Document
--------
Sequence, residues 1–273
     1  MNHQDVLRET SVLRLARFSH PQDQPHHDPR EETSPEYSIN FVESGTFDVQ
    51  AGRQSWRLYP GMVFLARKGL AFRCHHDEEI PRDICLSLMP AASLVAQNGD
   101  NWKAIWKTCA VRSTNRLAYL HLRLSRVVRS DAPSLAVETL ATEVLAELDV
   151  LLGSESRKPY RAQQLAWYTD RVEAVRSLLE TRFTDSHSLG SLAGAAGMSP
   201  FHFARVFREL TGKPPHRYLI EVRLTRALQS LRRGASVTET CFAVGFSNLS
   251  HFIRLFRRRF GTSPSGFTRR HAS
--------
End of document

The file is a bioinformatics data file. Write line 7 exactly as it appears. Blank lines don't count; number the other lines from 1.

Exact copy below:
   251  HFIRLFRRRF GTSPSGFTRR HAS